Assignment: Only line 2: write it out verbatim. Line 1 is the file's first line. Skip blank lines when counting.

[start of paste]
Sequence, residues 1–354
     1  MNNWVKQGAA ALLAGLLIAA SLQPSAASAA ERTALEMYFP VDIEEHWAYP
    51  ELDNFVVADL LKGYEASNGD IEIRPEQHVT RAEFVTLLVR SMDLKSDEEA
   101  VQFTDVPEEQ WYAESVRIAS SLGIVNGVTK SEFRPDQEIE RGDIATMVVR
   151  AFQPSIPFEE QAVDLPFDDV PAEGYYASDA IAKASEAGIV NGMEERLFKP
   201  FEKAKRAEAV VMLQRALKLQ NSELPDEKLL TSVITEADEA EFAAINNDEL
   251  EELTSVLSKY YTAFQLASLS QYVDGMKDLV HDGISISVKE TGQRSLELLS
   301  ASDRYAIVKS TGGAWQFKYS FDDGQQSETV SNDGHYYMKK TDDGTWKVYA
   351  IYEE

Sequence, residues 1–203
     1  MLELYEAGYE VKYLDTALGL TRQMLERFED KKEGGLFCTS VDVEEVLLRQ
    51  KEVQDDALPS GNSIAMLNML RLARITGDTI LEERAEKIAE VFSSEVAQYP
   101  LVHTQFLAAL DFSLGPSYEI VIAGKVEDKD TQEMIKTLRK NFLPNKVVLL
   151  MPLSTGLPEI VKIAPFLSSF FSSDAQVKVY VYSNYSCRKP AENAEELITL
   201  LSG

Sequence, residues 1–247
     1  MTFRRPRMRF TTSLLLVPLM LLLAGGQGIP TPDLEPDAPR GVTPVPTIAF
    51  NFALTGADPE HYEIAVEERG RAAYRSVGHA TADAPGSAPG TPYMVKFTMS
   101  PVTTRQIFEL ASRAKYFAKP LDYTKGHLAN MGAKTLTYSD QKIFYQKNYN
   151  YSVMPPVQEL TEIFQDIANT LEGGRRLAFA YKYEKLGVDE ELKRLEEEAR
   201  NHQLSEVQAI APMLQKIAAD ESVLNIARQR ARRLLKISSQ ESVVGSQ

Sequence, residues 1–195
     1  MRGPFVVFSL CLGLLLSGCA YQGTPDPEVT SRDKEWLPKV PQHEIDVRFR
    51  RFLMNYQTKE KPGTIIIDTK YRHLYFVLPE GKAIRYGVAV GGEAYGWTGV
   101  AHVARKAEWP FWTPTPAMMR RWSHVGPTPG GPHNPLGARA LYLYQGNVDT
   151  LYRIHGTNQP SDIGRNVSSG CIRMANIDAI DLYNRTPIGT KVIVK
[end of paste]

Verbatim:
     1  MNNWVKQGAA ALLAGLLIAA SLQPSAASAA ERTALEMYFP VDIEEHWAYP